An exhausted pallor settled upon the world as The Hague prepared for trial. It had taken a generation to find and capture her. A geneticist, a criminal, a hero, a monster, a woman beyond myth and legend now sits in shackles. Through bullet proof glass she sees the panel of judges, a ratio of 11 women to 1 man. She quietly wipes her eyes.
The clean lines of the courtroom and the crisp linens of her prison uniform are welcome in her mind. The last few years spent hiding in filthy squalor had worn her down, she felt relief in the cold architecture. She ran her finger along the brushed stainless steel desk before her and thought of Dostoyevsky’s Raskolnikov. Like him, a long fever of the soul had eroded her spirit and made her painfully aware of the suffering she had caused. Like Jason sailing past the Isle of Sirens she had lashed herself to the mast and listened to the screams, as sorrow and loss rained all around her. A sickening sadness was within her too. “I’m still human”, she would tell her supporters, “I too feel grief.” Yet she knew her convictions trumped all feelings that followed. “With both eyes wide open”, she would often say, understanding her fate. She was the mother of a new people and childbirth is painful.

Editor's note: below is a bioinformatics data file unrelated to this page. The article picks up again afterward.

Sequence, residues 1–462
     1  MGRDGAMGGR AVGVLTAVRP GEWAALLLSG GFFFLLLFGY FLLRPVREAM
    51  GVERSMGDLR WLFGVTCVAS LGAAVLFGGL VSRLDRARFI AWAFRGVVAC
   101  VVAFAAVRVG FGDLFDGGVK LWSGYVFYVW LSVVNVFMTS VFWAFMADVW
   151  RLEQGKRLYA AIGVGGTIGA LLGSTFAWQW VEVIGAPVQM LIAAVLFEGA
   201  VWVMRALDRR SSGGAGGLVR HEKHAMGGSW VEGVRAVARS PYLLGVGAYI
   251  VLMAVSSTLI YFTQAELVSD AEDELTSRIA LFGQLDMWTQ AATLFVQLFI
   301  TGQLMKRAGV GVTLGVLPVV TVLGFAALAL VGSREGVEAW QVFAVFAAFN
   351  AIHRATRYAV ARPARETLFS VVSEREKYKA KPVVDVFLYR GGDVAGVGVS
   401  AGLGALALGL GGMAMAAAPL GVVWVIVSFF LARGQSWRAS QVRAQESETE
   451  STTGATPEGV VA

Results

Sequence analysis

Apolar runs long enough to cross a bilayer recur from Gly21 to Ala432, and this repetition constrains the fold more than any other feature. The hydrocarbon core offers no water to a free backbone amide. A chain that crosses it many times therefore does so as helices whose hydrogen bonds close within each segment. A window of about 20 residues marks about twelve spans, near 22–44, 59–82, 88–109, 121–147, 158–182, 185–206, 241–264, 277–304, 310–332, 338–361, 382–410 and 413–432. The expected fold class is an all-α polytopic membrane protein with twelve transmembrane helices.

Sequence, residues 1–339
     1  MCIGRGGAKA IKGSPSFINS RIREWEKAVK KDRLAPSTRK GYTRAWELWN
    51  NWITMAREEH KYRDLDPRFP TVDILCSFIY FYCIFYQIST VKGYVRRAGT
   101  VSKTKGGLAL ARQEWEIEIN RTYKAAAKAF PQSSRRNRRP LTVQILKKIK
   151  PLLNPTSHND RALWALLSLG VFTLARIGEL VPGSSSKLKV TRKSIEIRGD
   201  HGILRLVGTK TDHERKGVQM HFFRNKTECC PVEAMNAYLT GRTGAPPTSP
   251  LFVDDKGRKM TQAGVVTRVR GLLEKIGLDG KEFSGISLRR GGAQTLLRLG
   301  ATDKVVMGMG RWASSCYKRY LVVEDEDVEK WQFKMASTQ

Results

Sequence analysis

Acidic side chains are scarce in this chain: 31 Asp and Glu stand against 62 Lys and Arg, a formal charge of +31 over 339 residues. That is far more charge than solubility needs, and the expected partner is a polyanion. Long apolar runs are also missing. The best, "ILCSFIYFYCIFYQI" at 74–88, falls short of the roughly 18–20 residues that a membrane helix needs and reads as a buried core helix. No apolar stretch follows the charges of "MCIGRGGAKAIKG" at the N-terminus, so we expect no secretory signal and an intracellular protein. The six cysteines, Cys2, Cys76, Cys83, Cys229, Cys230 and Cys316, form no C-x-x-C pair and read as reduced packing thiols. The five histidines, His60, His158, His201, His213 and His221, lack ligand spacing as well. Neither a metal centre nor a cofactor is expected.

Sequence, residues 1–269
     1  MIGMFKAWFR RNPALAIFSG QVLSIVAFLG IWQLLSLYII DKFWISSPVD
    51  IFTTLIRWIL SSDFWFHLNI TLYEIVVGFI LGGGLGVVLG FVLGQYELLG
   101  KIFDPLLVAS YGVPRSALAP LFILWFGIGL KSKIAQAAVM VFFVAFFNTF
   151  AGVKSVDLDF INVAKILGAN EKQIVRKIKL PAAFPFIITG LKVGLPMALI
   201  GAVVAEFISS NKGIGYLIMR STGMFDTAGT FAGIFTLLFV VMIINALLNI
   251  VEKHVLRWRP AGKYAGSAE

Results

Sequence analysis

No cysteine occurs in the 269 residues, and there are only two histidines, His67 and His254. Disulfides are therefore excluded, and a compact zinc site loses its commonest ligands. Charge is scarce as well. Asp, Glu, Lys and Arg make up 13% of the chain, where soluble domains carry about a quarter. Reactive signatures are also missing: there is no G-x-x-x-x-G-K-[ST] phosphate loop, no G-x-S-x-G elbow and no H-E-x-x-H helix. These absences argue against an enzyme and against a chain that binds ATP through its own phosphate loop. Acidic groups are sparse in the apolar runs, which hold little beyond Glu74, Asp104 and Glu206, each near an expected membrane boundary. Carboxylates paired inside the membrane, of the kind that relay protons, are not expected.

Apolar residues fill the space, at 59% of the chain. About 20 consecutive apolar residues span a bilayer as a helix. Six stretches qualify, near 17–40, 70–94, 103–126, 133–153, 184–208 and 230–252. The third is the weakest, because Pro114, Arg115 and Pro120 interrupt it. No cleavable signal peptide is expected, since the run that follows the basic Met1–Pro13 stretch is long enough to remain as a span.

The legal complexities of her trial were daunting. In her defence, parallels to industrial accidents or force majeure were evoked. It was argued that the use of the global freshwater cycle, which allowed the ensuing rainfall to seed and then accelerate the air born infections, on such a scale, could not possibly be traced to one local act of terrorism. At worst it was a terrible accident. The prosecution countered with digital images of the blackboard and the equation’s deep understanding of the consequences. Clearly the scale of her actions was intentional.